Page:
Cloak and Dagger Exposé: Ars Poetica in the Halls of Justice
Yehouda Shenhav-Shahrabani’s text describes two bizarre scenes from the courtoom during the trial of Dareen Tatour, a Palestinian citizen of Israel, who lives in the village of Reineh ( الرينة ), near Nazareth. The Israeli police arrested Tatour in October 2015, and in November 2015 an indictment was filed against her for incitement to violence and support for a terrorist organization. At the center of the indictment appears a poem that was published on YouTube and Facebook under the title “Qawem Ya Shaabi Qawemahum” (Resist, my people, resist them). A full—and distorted—translation of the poem as made by a police officer is cited in the indictment document. Tatour remained in detention for three months, then spent eighteen months under house arrest at her parents’ home in Reineh. She was convicted on May 3, 2018, and on July 31, 2018, she was sentenced to five months’ imprisonment. She was released in September 2018.
In a Third Voice
An excerpt from the introductory chapter of Elias Khoury‘s new novel Stella Maris (Beirut: Dar Al-Adab, 2019), translated from the Arabic by Yehouda Shenhav-Shahrabani.
.(إلياس خوري, نجمة البحر: أولاد الغيتو 2 (بيروت: دارالآداب، 2019
The Political Syntax of the Absentees: A Translator’s Reflection on Stella Maris
Stella Maris, by Elias Khoury, is the follow-up novel to My Name Is Adam: Children of the Ghetto, Volume I, but the two novels can be read out of sequence, since they do not follow a linear narrative. Each is made up of multiple layers of space and time, entwined with the history and biography of Adam Danoun, as they move in a time machine-like fashion between past and future, and parallel worlds.
Guest Editors’ Note: From the Neoclassical to the Binational Model of Translation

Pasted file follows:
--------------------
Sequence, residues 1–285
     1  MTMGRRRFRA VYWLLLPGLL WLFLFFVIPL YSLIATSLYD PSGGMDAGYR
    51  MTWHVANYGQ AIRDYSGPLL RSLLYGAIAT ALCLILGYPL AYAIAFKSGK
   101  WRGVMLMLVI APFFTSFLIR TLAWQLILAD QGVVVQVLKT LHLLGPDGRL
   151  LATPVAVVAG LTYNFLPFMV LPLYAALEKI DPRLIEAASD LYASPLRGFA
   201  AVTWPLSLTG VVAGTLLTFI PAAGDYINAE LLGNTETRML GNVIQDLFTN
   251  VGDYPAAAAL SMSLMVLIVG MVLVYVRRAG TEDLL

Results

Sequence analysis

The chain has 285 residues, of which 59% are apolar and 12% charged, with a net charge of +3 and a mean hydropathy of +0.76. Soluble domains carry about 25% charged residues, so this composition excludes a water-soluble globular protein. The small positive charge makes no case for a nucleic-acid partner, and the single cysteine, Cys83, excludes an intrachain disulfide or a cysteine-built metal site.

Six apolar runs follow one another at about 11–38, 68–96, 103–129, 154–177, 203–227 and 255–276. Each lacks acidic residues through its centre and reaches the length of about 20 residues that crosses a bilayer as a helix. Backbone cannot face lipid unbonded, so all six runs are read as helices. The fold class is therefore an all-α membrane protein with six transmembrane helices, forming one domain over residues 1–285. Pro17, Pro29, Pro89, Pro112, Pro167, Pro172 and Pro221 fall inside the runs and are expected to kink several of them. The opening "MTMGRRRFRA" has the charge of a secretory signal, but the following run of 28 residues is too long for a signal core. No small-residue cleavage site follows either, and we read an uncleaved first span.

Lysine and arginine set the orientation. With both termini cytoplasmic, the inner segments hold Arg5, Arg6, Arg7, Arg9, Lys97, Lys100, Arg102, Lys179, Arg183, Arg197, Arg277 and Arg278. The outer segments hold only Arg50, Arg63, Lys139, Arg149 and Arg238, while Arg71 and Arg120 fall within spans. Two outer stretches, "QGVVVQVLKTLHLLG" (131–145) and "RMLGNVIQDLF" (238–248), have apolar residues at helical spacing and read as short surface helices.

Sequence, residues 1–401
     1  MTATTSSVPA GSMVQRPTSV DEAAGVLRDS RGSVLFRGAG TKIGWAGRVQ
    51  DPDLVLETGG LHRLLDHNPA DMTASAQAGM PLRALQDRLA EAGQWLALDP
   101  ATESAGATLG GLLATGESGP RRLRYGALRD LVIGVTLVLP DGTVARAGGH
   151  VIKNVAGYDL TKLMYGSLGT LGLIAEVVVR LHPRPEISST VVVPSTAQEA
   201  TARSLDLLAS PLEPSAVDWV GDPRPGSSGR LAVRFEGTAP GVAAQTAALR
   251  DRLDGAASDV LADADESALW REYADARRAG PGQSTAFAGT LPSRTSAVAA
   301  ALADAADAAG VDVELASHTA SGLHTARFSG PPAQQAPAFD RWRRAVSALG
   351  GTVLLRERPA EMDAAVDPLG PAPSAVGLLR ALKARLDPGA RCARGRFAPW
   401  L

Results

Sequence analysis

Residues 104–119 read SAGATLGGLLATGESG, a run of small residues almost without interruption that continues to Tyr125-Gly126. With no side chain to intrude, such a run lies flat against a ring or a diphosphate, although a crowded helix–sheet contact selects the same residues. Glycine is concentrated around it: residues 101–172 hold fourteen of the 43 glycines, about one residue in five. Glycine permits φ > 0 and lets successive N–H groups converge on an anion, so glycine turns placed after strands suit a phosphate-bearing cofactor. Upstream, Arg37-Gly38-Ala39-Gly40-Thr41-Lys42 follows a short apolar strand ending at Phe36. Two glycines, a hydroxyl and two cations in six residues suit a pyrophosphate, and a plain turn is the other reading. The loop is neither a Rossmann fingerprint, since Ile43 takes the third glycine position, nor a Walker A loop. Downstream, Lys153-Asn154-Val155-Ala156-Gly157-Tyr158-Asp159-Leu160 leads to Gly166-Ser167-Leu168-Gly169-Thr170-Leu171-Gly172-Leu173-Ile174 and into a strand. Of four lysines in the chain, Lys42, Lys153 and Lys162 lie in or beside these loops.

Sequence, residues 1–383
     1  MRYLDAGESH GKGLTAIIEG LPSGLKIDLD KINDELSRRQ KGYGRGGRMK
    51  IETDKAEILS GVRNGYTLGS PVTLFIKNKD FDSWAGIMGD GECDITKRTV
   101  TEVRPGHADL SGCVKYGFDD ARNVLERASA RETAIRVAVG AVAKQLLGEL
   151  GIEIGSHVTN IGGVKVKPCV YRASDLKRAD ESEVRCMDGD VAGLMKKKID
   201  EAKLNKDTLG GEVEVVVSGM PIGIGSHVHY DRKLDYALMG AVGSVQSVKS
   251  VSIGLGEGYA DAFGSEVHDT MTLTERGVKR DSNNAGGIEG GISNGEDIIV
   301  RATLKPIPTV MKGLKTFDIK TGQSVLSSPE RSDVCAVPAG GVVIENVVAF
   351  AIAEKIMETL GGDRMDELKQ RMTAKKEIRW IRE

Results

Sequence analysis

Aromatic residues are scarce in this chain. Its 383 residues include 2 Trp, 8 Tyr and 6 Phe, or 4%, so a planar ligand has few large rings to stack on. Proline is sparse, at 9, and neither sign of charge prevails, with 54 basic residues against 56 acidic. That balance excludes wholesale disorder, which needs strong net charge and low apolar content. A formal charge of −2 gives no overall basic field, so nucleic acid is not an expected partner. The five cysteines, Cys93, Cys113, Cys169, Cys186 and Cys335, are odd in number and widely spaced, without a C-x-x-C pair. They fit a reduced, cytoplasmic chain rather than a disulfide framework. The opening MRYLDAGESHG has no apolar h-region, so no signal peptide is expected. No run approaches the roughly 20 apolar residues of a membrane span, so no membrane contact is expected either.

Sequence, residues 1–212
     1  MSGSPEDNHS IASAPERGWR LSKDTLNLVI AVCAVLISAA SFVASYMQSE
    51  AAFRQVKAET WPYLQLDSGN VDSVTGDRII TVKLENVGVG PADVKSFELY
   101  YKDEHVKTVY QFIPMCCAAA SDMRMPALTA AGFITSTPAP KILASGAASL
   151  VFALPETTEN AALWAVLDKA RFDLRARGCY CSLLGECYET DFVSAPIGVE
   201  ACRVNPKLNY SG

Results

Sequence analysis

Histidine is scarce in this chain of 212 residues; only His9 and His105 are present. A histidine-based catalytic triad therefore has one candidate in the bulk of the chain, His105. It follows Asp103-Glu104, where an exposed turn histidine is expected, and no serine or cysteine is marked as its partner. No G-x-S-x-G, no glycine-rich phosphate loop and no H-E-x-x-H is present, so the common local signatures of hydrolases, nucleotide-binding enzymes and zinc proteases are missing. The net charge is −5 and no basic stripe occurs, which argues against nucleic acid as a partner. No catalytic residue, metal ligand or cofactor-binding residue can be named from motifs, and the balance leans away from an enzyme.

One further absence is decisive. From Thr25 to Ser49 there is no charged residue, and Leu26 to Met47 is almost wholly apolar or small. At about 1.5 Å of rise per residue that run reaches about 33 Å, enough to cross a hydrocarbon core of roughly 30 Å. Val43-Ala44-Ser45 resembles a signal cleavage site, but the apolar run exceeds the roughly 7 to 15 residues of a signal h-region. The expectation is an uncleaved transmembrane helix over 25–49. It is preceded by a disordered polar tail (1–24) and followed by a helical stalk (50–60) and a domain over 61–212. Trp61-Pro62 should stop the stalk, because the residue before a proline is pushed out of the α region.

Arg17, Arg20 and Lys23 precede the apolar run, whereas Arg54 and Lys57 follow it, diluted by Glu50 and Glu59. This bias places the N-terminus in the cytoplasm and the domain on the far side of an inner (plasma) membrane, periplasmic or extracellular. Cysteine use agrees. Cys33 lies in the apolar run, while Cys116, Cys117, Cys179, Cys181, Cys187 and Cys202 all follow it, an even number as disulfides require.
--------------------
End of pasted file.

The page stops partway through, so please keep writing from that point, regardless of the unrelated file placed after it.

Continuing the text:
Literary translation—whether a branch within comparative literature, linguistics, hermeneutics, or elsewhere in the academic disciplinary maze—has grown and developed mainly in accordance with the European neoclassical tradition. The previous issue of JLS was dedicated to the critique of the neoclassical model’s supposed transparency and impartial representation of the original source, allegedly trying to reach a “fluent” translation of the original.
To cope with translation from Arabic to Hebrew under the conditions of the present time, the Translators’ Circle in Maktoob proposes a pragmatic model of translation that transcends the comfort zone and is open to negotiation and a dialogical process of movement and wrestling in a dynamic relationship of dialogue. Although the model is fraught with practical, economic, and empirical difficulties, and is not necessarily pragmatic, it relies on the philosophy of pragmatism, according to which translation is not only a textual achievement but also action in the real world, which seeks to overcome the elements of alienation and degeneration of the individual, nationalistic portrait of translation. The translation turns from a metatext, which is placed behind the text and whose function is to explain and illuminate, into a social text, as a basis for communication and for expression of collective consciousness. In other words, and paraphrasing Ferdinand de Saussure’s notion that language should be studied in and for itself, we argue that translation is not only a thing in and for and of itself but also a communication tool, a byproduct of a comprehensive political process. To this end it expands the concept of intertextuality from hermeneutics to sociology. That is, intertextuality is not just an encounter between textual units, as is commonly the case in the fields of hermeneutics, linguistics, and literature, but also an interactive sociological mechanism based on encounter and reciprocity between people.
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